A federal lawmaker says plans to construct a large-scale resort on and around Mt. Morris could result in sustainable job growth for the Tupper Lake community.
Speaking last week in Saranac Lake, North Country Congressman Bill Owens described the permitting process for the Adirondack Club & Resort as a "balancing act."
The Democrat from New York's 23rd Congressional District says the project could have a significant impact on Tupper Lake's economy. Owens says responsible development inside the Adirondack Park is not always easy to accomplish
"The way I look at almost everything is by trying to reach a balance," Owens said. "You're never going to get a perfect solution. You're always trying to balance job growth with environmental issues. And you're trying to reach compromises that are within that ball park of being reasonable."
Budget cuts on both the state and federal level have communities inside the Park worried about public sector employment, Owens says. That means job growth in the private sector is critical to the region's economy.
"Clearly, from the people who live in the Adirondacks perspective, what they're looking for is sustainable jobs," Owens said. "And the kind of project they're doing in Tupper Lake will provide that - and provide a significant number of them."
Owens stresses that the state Adirondack Park Agency and the state Department of Environmental Conservation have a job to do when it comes to environmental protection and stewardship - but he says the economic realities facing communities like Tupper Lake also need to be taken into account.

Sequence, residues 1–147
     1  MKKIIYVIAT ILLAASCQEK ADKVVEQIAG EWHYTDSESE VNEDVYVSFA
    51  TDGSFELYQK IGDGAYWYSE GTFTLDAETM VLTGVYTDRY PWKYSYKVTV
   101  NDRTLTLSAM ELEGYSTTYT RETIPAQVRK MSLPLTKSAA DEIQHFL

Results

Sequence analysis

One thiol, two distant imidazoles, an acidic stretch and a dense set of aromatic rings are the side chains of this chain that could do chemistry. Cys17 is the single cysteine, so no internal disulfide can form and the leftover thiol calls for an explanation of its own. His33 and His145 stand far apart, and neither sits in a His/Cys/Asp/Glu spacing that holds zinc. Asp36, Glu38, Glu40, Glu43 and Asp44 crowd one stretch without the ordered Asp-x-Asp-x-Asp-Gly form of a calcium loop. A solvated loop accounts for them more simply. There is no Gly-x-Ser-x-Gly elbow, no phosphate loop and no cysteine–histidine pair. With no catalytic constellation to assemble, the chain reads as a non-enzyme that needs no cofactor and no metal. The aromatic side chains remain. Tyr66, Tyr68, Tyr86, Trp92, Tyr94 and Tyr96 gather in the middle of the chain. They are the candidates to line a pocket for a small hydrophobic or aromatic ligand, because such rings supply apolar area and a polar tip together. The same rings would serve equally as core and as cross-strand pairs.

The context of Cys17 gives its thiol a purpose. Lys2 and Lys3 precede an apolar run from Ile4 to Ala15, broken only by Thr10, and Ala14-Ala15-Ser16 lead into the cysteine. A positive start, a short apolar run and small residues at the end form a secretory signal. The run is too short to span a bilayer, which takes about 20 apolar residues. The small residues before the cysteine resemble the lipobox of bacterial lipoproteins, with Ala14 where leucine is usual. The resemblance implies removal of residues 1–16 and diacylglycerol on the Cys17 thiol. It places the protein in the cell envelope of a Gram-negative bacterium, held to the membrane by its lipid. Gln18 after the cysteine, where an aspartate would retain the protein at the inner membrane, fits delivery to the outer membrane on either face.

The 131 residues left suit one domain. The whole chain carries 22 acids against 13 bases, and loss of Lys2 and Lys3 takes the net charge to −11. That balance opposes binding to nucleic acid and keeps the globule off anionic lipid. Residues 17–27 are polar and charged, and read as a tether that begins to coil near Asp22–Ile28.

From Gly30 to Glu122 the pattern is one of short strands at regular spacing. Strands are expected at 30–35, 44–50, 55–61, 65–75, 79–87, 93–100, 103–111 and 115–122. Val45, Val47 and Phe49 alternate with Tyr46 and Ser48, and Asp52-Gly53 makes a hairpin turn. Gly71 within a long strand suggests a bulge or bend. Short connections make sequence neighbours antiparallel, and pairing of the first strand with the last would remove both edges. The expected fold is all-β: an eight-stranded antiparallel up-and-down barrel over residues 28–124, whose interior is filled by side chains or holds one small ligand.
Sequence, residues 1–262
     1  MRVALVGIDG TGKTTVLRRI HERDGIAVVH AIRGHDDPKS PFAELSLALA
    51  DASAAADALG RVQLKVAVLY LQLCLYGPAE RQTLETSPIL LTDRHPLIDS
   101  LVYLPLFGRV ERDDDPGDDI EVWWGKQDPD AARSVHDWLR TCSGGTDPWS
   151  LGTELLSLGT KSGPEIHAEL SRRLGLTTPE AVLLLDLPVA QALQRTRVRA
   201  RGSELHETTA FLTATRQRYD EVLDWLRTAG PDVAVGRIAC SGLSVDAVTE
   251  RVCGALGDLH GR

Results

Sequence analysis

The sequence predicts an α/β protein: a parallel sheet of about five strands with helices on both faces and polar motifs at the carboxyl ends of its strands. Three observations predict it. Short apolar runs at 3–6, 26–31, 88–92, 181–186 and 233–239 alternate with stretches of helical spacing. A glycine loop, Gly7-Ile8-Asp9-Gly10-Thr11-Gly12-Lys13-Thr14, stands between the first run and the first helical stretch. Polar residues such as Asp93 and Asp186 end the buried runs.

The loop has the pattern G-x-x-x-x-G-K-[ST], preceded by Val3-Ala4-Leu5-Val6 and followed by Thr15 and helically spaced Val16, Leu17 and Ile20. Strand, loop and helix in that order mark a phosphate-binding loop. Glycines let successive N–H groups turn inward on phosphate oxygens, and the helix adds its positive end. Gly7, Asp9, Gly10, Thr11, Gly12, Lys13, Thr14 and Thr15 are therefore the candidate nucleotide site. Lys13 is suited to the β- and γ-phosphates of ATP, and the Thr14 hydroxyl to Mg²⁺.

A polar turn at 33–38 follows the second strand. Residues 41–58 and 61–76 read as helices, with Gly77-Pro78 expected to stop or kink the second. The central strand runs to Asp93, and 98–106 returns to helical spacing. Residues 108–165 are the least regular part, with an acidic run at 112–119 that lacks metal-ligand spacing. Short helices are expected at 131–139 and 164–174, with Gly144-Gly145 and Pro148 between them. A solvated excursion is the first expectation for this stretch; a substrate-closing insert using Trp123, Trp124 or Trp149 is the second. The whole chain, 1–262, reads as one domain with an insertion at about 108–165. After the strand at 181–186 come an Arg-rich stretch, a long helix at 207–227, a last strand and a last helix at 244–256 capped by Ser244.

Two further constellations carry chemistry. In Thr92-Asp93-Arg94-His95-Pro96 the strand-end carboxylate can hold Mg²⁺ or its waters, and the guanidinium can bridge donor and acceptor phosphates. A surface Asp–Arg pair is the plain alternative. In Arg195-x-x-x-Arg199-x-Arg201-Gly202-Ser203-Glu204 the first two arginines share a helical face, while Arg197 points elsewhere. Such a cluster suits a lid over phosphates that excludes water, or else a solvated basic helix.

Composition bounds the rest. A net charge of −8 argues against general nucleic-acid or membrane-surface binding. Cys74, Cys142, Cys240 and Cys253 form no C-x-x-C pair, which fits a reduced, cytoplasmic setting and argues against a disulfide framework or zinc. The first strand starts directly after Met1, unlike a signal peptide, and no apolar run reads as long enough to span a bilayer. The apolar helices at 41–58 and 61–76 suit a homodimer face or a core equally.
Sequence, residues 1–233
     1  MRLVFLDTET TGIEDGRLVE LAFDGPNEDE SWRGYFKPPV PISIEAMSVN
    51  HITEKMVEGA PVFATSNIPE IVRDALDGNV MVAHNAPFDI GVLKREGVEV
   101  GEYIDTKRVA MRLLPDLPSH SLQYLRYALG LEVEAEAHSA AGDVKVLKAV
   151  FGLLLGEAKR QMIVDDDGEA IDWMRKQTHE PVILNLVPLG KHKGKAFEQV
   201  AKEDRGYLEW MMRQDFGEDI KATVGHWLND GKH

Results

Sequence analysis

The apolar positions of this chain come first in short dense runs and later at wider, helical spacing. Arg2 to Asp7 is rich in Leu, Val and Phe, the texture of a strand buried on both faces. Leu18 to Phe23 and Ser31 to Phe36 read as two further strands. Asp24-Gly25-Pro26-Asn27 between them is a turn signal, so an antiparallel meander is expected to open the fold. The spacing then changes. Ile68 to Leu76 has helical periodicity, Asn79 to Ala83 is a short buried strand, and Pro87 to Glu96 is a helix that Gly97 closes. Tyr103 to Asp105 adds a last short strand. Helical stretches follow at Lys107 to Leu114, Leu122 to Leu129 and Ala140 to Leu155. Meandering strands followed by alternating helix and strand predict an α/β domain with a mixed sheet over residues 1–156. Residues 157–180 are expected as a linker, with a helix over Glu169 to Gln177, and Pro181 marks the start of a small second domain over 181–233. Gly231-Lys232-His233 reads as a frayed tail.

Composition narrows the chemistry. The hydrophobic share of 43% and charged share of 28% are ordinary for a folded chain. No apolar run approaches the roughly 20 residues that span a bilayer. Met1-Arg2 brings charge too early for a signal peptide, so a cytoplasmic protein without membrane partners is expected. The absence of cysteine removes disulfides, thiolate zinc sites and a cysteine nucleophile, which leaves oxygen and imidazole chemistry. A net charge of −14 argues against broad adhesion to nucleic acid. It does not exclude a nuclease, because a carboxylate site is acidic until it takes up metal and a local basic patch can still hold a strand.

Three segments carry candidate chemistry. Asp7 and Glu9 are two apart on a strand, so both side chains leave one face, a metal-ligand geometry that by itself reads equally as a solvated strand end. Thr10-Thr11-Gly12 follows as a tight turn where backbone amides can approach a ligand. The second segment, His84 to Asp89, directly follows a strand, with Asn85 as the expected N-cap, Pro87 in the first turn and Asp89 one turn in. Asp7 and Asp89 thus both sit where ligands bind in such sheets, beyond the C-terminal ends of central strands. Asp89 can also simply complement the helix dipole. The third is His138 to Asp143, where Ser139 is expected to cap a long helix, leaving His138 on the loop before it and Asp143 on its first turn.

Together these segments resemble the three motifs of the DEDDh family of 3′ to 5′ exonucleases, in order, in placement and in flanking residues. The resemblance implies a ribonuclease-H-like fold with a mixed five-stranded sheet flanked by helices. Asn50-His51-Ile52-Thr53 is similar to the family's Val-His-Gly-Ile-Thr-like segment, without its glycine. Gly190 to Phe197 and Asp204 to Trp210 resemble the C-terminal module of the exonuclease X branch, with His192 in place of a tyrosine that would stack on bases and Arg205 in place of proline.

"I think that we need to have the APA and the DEC working with people to make sure that we don't do damage to the environment - but at the same time we're able to create jobs that are absolutely essential in our communities," Owens said.
Owens is confident that those involved in the ACR project can make things work.
"If we can put people on the moon, we can figure some of these things out," he said. "It's just a question of focusing resources and saying, 'Okay, how are we going to do this?' I think developers on the other end of it have to understand that the costs may be a little higher, but that may not be an unreasonable price to pay. Now should they be extraordinarily higher? No. But they can be a little bit higher in order to accommodate environmental concerns."
The final rounds of hearings on the ACR project are scheduled to get under way again next week at the train station in Tupper Lake.